Friday, April 15, 2011

Everybody's Talking About Silver - Apr 15th

Everybody’s Talking About Silver, and That’s The Problem
April 15th, 2011



It seems that silver makes a new multi-decade high everyday, and whenever I ‘talk commodities’ with someone new, invariably the question is asked, “What is going on with the silver market, and is it too late to get in?”  Despite the incredible returns that a long silver position would have yielded over the past year (prices are up a whopping 162% over the past 12 months), my typical response has been that it is investment demand pushing it up, and the volatility is so great that I simply cannot participate, preferring the more subdued gold market to fulfill my precious metals appetite.  That said, I feel compelled to take a closer look at the fundamentals of the silver market this morning, and would like to start off by thanking GMFS for its World Silver Survey released last week.

Production and Other Supply

There is certainly no shortage of silver supply; in fact 1,056.8 million ounces hit the market in 2010, up 14.6 percent from the year earlier.  Of that, around 70 percent came from mines - in other words, new silver.  The next largest source was from scrap, representing around 20 percent, which increase 14 percent in 2010 to a record of 215 million ounces.  The most notable source of silver supply came from producer hedging.  After 4 years of de-hedging that left the global hedge book at a 2 decade low, producers were quick to take advantage of rising prices by forward selling 61.1 million ounces of silver, mostly in the fourth quarter of last year.  Precious metals hedging had fallen out of favour among mine operators in recent years, as prices have been steadily appreciating.  The re-emergence of this activity may indicate that commercial producers view these prices as unsustainably high, or at least high enough to satisfy their needs.  Lastly, Russia sold around 40 million ounces from its stockpiles, the only significant sale from a government source.

Fabrication Demand

After suffering a big hit in 2009 following the global economic contraction, fabrication demand rebounded significantly in 2010, rising to 487.4 million ounces and is now just shy of pre-crisis levels.  Photography, once one of the main drivers of demand for the metal, has shifted largely towards digital technology, and at the same time reduced the use of silver for film by 66 percent since 2001.  Declining demand from the photography sector is often used to paint a bearish picture of the fabrication demand for silver, but in reality over the same timeframe demand from industrial applications has picked up nearly all of the slack.  One of the fastest growing segments of the industrial sector, which makes up 55 percent of fabrication demand, is the construction of photovoltaic solar panels.  Given the increasing focus of ‘green’ energy, it is probably safe to assume this will continue to consume greater quantities of silver in years to come.  All told the demand from industrial applications increased by about 80 million ounces in 2010.  The other area that experienced growth was the coin and medal sector, which consumed an additional 20 million ounces last year.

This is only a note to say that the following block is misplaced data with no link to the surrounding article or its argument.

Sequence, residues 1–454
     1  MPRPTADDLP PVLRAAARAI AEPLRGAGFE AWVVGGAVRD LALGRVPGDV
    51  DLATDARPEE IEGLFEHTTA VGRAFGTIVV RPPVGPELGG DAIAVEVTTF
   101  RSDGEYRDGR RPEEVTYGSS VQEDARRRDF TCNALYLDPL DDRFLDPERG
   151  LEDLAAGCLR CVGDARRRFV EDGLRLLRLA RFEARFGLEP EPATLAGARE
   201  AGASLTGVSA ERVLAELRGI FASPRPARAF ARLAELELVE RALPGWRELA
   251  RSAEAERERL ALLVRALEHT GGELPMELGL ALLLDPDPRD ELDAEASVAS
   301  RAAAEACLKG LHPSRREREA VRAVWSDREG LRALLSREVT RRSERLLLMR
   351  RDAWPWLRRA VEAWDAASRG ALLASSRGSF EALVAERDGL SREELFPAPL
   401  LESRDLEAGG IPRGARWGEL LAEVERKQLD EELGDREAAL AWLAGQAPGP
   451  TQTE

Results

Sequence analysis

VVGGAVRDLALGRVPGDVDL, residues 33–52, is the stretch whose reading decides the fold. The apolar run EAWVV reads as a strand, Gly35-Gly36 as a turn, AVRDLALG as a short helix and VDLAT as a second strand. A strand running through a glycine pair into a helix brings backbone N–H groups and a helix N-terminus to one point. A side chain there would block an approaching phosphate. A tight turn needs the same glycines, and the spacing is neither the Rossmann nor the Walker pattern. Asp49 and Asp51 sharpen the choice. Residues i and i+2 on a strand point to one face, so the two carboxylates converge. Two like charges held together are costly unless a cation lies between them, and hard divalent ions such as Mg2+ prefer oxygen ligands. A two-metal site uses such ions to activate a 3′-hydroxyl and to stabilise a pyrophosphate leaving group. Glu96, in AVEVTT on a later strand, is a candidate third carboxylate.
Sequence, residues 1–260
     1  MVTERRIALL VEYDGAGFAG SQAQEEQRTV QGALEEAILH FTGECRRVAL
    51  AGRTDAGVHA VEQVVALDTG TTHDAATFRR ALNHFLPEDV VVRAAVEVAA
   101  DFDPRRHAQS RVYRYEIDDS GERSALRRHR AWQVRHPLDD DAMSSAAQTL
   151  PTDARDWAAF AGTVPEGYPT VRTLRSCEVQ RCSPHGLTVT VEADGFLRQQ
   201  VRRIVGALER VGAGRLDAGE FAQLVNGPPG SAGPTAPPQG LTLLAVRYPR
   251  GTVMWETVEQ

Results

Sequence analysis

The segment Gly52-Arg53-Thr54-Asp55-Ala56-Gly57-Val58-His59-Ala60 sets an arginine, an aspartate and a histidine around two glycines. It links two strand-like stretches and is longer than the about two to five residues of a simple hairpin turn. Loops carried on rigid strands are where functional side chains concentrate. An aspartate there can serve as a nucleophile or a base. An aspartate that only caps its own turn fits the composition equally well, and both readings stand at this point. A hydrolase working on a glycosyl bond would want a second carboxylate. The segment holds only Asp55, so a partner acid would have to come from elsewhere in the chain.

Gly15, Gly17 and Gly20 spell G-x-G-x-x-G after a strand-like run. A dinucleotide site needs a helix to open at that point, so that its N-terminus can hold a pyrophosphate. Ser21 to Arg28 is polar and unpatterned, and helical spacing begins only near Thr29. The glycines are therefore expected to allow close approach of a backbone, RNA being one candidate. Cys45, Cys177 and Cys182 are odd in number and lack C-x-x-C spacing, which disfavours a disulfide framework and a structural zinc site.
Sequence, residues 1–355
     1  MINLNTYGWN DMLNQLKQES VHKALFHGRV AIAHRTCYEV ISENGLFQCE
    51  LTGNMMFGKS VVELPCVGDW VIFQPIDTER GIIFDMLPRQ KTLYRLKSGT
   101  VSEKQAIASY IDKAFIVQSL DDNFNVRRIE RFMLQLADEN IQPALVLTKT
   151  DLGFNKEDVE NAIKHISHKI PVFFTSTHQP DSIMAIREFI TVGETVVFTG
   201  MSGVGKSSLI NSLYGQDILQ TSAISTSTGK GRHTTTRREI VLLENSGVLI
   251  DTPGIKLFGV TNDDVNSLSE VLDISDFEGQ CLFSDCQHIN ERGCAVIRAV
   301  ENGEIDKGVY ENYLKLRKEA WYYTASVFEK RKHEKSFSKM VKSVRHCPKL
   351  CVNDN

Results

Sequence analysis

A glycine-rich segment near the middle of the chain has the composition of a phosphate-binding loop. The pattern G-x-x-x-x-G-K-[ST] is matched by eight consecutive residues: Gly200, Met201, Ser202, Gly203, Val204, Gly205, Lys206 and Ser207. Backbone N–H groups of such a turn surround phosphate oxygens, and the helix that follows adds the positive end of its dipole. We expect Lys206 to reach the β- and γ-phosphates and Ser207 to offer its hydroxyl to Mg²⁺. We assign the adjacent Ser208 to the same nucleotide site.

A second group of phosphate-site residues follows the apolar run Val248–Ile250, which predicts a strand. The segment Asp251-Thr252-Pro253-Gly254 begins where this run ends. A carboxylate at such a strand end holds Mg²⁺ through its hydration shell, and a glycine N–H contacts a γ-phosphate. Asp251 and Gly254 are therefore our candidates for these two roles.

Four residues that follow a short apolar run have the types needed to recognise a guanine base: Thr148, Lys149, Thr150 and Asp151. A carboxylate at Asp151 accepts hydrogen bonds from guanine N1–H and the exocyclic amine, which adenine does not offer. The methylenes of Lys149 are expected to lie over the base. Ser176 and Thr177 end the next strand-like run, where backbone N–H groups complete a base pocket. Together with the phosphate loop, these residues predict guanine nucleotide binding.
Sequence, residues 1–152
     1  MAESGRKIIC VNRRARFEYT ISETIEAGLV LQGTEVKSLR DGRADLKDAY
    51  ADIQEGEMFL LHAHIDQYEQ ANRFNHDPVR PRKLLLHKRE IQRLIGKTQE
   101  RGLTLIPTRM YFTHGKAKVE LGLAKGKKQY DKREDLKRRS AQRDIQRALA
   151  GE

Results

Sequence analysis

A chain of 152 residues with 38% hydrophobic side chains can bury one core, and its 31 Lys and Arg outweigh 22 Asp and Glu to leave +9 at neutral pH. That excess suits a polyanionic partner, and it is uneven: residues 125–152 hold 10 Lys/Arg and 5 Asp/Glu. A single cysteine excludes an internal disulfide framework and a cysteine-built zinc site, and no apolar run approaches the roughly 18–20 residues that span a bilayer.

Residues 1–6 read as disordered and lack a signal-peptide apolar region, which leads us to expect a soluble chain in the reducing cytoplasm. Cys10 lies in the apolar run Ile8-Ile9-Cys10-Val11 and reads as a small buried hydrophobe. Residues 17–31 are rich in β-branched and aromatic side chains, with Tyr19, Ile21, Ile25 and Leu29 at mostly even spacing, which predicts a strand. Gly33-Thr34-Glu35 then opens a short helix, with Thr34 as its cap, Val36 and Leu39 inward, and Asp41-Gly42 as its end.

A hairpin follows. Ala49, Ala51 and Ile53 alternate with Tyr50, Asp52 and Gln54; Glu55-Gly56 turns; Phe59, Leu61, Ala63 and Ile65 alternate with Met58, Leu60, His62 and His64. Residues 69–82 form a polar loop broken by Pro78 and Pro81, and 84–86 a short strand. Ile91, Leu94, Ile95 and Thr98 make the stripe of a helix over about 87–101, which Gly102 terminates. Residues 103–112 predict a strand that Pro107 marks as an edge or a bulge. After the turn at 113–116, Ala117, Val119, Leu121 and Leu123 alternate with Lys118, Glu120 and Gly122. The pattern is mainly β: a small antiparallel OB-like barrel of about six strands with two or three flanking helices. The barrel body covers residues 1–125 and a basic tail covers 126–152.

Investment Demand

Total investment demand exploded to the upside last year, estimated at around 180 million ounces.  Bullion stocks around the world continue to swell, driven largely by the holding of the major physically backed silver ETFs.  It seems clear that more than any other factor, investor demand to hold precious metals is pushing this market higher, and this could continue for some time.  Don’t be fooled however, into thinking that there isn’t enough silver to go around, as this is simply not true.  Last year was the third year in a row where the market was in a surplus, and that could easily continue into this year.  Tread carefully.

-Jaime Macrae, CIM
Account Executive, Friedberg Mercantile Group
jmacrae@friedberg.ca

1 comment:

  1. You mean, no shortage of paper silver!

    ReplyDelete